By TYLER ELLYSON
KEARNEY – Kaye Sorensen is a proud first-generation Loper.
She came to the University of Nebraska at Kearney as an undergraduate student and loved the community so much that she never left.
“It’s a great place to kind of find yourself, raise a family and pursue whatever you want to pursue,” Sorensen said. “I didn’t ever feel the need to move elsewhere.”
The Wakefield native met her husband Gary at UNK, where she graduated in 1978 with a bachelor’s degree in math and a minor in business accounting. That led to finance and managerial positions with the local county court, a credit union and medical clinic before she was encouraged to return to campus to pursue a master’s degree and begin what turned into a nearly 30-year teaching career.
“I really believe that education is a pathway to achieve whatever you want to achieve,” Sorensen said. “I never lost my excitement for contributing to that process.”
Sorensen started as a graduate assistant and was hired in 1990 as a lecturer in the Department of Math and Statistics. When her husband decided to launch his own general contracting company, she helped get that business off the ground while continuing to teach part time. She returned to a full-time lecturer position in 2005 and was promoted to senior lecturer in 2009.
A self-described “people person,” Sorensen taught a variety of undergraduate courses over the years, including college algebra, applied calculus, trigonometry, finite mathematics, math concepts and introductory statistics. Her students came from departments across campus, because “math is everywhere.”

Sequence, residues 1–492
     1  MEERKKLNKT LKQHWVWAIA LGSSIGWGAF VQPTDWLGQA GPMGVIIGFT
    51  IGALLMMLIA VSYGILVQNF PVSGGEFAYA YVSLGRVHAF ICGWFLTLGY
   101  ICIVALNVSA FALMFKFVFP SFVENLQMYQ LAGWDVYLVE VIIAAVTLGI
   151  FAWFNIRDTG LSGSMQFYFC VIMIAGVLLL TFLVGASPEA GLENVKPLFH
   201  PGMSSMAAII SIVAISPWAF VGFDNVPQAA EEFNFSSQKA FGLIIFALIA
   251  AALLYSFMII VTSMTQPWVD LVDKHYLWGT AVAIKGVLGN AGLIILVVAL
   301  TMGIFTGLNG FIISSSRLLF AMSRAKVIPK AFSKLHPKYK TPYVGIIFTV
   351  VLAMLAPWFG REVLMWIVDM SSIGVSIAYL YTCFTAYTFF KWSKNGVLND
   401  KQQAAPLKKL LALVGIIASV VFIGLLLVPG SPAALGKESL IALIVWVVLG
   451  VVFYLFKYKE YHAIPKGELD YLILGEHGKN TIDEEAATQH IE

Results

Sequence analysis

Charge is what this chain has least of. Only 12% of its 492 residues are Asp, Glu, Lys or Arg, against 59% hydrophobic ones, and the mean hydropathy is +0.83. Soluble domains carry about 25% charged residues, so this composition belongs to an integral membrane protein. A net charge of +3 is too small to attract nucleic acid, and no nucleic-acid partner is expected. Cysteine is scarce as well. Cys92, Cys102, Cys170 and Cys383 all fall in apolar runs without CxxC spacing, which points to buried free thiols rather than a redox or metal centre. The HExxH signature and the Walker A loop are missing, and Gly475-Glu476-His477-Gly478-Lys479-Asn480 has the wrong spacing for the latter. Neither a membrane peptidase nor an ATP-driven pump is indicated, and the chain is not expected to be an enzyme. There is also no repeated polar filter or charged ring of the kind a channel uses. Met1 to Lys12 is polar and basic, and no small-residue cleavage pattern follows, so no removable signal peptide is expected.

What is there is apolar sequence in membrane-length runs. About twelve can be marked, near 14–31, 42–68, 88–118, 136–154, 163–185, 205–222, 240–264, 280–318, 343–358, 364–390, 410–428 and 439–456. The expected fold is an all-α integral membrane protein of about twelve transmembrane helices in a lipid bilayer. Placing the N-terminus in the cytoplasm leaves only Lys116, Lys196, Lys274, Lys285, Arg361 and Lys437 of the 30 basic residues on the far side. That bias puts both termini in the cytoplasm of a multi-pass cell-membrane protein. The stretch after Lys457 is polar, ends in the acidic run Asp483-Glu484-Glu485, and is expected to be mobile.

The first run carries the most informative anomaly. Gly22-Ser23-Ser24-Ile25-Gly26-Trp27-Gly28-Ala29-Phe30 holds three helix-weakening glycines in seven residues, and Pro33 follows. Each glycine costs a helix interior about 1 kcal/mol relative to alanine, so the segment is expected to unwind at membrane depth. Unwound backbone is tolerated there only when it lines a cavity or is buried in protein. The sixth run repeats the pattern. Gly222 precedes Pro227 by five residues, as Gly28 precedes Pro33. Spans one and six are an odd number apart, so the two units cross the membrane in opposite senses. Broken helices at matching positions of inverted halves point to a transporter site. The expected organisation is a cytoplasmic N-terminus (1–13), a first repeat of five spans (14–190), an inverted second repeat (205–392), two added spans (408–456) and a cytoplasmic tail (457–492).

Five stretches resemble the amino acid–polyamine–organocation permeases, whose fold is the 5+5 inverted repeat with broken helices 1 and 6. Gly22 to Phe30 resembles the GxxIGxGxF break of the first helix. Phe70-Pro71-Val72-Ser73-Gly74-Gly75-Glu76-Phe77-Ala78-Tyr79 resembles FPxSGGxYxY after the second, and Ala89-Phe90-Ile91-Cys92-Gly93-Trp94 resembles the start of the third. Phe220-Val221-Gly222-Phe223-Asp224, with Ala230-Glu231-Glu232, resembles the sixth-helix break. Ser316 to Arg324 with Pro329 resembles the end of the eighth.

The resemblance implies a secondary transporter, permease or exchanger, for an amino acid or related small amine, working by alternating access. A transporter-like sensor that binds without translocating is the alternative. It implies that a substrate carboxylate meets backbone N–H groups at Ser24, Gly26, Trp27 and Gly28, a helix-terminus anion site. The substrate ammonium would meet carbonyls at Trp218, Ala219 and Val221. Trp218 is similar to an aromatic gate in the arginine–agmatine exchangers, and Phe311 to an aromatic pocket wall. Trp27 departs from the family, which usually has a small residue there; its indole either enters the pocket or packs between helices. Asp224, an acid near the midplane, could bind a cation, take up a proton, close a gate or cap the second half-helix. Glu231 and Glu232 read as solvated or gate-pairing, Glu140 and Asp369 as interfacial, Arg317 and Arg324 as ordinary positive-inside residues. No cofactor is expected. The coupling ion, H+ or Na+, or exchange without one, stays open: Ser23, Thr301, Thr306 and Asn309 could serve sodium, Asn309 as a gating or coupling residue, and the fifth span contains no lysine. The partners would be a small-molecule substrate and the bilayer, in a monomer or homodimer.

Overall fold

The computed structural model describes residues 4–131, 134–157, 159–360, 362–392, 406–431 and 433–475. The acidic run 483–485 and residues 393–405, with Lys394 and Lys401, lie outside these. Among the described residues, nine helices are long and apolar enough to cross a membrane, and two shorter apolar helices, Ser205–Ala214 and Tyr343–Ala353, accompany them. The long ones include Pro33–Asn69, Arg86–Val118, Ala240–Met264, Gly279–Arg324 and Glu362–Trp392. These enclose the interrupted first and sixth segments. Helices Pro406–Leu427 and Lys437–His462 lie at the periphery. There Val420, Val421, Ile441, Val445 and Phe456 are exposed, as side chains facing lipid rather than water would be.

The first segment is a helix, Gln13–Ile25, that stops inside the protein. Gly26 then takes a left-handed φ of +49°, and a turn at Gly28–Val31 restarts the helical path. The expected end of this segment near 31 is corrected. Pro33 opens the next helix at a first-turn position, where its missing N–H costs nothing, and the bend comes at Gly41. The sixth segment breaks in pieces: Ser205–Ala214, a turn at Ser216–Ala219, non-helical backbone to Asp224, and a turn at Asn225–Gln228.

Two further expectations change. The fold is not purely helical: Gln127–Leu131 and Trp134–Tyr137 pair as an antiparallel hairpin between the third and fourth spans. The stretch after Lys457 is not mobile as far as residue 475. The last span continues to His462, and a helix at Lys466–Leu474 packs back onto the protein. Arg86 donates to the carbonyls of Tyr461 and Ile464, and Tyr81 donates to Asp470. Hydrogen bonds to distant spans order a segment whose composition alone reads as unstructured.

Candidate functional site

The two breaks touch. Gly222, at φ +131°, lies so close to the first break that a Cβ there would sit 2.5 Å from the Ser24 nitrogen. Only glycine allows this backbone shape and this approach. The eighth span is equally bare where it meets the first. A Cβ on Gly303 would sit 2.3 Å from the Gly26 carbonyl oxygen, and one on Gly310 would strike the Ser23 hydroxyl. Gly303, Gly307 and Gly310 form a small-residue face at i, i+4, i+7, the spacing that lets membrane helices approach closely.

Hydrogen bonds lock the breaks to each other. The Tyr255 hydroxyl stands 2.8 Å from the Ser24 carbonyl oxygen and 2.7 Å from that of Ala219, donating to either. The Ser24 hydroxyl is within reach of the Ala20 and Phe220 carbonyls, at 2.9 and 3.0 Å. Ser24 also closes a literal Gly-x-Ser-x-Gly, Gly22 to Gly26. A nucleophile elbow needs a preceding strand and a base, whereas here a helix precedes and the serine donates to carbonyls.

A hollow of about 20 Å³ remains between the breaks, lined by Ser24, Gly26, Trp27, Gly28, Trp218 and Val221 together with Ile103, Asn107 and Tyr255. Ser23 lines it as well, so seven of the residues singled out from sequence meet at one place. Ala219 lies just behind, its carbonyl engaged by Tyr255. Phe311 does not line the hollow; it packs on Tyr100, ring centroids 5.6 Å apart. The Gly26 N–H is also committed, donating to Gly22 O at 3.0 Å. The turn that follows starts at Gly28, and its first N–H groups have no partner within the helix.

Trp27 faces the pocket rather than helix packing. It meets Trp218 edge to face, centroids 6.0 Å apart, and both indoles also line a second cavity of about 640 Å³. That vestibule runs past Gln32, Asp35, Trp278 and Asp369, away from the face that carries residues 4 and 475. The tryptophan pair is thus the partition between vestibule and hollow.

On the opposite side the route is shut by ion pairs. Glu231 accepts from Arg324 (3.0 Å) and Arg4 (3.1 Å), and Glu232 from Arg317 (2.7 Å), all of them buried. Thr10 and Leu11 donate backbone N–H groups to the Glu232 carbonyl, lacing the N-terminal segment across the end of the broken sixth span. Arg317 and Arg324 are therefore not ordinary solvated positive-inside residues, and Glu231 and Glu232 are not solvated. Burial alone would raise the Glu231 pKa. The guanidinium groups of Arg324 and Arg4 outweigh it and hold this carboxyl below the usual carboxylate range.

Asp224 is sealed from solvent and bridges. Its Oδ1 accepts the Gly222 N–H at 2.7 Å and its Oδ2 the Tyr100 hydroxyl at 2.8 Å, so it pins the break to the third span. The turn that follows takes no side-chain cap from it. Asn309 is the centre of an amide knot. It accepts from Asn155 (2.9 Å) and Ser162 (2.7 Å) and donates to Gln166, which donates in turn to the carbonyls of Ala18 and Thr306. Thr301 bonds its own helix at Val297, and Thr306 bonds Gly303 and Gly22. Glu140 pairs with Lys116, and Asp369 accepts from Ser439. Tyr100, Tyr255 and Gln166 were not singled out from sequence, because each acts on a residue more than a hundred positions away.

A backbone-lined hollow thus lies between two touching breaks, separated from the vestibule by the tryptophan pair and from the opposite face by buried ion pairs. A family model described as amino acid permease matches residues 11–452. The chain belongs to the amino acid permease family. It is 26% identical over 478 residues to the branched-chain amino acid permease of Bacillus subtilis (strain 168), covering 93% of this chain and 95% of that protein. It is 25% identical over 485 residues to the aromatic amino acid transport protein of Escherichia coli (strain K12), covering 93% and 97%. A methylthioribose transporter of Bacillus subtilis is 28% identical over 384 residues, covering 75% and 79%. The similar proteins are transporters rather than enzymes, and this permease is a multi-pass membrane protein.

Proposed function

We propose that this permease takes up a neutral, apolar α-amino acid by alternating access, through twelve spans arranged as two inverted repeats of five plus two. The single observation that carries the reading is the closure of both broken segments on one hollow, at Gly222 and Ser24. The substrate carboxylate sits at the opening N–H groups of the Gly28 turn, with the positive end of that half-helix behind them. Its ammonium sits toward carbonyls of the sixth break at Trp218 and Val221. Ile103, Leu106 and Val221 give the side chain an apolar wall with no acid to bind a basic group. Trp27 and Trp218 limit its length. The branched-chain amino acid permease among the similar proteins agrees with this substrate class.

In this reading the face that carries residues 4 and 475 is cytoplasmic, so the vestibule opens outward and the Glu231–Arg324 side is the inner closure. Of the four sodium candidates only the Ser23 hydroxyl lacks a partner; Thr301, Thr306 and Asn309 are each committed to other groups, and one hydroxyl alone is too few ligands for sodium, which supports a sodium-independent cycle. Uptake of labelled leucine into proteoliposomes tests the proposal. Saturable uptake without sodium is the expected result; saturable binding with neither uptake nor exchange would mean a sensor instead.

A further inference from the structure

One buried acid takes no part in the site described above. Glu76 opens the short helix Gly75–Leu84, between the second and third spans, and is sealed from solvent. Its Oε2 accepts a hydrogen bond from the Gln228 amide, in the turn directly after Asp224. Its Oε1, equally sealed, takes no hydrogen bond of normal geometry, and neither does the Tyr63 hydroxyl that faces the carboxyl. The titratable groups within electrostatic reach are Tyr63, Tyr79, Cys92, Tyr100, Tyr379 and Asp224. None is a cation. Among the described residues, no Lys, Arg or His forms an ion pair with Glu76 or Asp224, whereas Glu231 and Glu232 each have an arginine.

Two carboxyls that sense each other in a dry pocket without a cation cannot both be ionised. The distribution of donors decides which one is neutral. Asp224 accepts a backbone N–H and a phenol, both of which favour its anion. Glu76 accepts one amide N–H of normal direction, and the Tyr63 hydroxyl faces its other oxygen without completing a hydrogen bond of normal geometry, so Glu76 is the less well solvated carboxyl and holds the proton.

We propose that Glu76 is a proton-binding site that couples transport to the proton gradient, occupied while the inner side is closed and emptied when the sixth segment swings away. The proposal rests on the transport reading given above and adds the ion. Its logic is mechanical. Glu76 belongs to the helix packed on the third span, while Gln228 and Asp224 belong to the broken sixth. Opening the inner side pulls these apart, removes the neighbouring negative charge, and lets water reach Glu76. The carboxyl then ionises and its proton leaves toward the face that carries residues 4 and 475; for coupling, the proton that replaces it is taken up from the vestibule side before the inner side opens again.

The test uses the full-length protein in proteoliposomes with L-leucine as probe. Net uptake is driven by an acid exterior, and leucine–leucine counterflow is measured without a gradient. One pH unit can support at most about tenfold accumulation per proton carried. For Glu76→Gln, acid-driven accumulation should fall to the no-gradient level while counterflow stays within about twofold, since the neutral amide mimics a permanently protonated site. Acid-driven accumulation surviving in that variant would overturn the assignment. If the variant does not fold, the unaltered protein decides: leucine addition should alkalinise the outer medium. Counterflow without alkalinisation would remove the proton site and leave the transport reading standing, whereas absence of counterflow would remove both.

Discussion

“It’s a language that’s used in many fields,” she said. “It’s the basis of STEM and it’s a language that’s built upon in applied fields and theoretical research. You come up with a situation, and you can see how math played a part in it. It’s something I was excited to tell the students about.”
As a teacher, she was particularly proud of those students who overcame early obstacles to excel in this area.
“I was there once, coming from four hours away and being the first in my family to go to college,” Sorensen said. “These students are capable and worthy. They just need to know and believe it.”
When Sorensen enrolled in a doctoral program through the University of South Dakota, her research focused on ways to use technology to improve student success in college-level math courses. She continued that work with UNK colleagues Amy Nebesniak and Keri Treadway by studying strategies to encourage growth mindsets in STEM classrooms.
In fall 2021, she began developing the College of Arts and Sciences math specialist program, which offers supplemental instruction to undergraduate students who are struggling in math or statistics courses. Sorensen worked one-on-one with students on a weekly basis, helped them develop a success plan and partnered with campus resources such as the Learning Commons to provide additional academic support. She also served as a faculty consultant for the Learning Commons and was part of study abroad trips that took students to Costa Rica, Cuba, Greece, Israel, Italy, Mexico, Portugal, Spain and Turkey.
“I feel my greatest accomplishment at the university may be that I created a forum to embolden more students to succeed not only in their academic undertakings here but also in future pursuits that may be yet unknown to them,” she said.
Sorensen recently retired, giving her more time for travel and family. She has three children, Bre, Matt and Drew, and three grandchildren who all live locally. She also plans to volunteer at local schools and the library.
Of course, she’ll always be a proud UNK supporter, too.
“I’ll still be invested because this is my educational home,” Sorensen said. “This is where I started and ended my learning and teaching careers. UNK and I have grown up together in a way and that bond will continue.”